Teresa Cheng must clear the air over illegal structures at her home
Hong Kong’s new justice minister should have known better, but now that the scandal has been exposed, it is imperative that she deal with any doubts about her ability to uphold the rule of law
The new secretary for justice has got off to a rough start. Just a day after pledging to uphold the rule of law upon her appointment as Hong Kong’s justice minister, Teresa Cheng Yeuk-wah was found to have multiple structures at her luxurious villa that experts said might be in breach of the law.
Common as they are, illegal structures belonging to politicians can be damaging. In Cheng’s case, it could even lead to the loss of her job if the matter is not handled properly.
Unlike the previous government that was plagued by political crises of all sorts during the initial months, the team under Carrie Lam Cheng Yuet-ngor had been largely free of scandal until the weekend, when local newspapers reported the suspected illegal structures at Cheng’s Tuen Mun home.
Experts also observed what they believed to be structural irregularities at the villa next door, which was later revealed to be owned by Cheng’s husband Otto Poon Lok-to, an engineer.
There will be little sympathy for Cheng, who is expected to live up to the highest standards when it comes to the rule of law.
The justice minister sought to excuse herself as being politically insensitive and suggested the structures were inherited from the previous owner.
But questions have been raised about whether the couple, both with civil engineering credentials, were aware of the illegal structures at the time of purchase.
Cheng is not the first public figure to be caught up in a scandal involving illegal structures. Former chief executive Leung Chun-ying and his election rival, Henry Tang Ying-yen, were hit with similar accusations during the campaign for the top job in 2012.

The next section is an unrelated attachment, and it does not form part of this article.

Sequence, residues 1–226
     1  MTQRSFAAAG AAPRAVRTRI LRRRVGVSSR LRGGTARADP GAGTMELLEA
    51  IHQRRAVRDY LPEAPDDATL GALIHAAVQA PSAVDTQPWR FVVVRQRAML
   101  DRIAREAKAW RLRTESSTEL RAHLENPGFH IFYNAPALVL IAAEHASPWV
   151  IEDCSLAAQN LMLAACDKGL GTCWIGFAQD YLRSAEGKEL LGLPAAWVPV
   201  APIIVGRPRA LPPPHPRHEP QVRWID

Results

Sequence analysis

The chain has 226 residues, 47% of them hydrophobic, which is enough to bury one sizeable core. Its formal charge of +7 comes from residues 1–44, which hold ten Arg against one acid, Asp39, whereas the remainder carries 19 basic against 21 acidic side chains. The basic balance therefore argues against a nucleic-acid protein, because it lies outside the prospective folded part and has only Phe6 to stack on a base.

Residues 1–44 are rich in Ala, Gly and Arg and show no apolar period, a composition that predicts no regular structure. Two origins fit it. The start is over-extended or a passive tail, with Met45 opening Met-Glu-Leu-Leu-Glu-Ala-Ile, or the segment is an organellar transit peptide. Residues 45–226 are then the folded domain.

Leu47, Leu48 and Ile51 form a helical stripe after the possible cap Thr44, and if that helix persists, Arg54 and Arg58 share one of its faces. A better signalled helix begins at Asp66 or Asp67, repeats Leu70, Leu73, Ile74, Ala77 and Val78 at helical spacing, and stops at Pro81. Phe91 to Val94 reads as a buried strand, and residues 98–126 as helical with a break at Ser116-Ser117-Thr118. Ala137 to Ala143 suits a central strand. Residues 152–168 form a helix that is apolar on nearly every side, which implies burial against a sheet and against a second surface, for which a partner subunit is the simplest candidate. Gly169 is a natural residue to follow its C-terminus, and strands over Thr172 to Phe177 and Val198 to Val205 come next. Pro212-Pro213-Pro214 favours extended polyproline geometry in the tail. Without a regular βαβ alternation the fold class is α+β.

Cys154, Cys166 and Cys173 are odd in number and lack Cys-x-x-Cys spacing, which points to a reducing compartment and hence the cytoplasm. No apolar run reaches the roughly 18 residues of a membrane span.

Tang’s saga even turned into an integrity crisis and ruined his bid to be leader. One would therefore assume that officials and politicians would be highly vigilant in this respect.
The reminder hastily sent out by the chief executive to her team on building compliance shows the issue has not been handled with the care it deserves. It also raises questions about the mechanism under which officials have had their integrity checked before appointments.
The incident has caused more than just embarrassment to Beijing and the Lam government. Experience shows that it could escalate into a political crisis if not handled properly.
The responses from Cheng and the government leave much to be desired. Calls for her to step down have been heard, although many think the details disclosed so far are not serious enough to warrant resignation.
The last thing the secretary for justice needs is doubt over her commitment to the rule of law. It is imperative that she handle the controversy properly, lest public confidence in the administration of justice is damaged.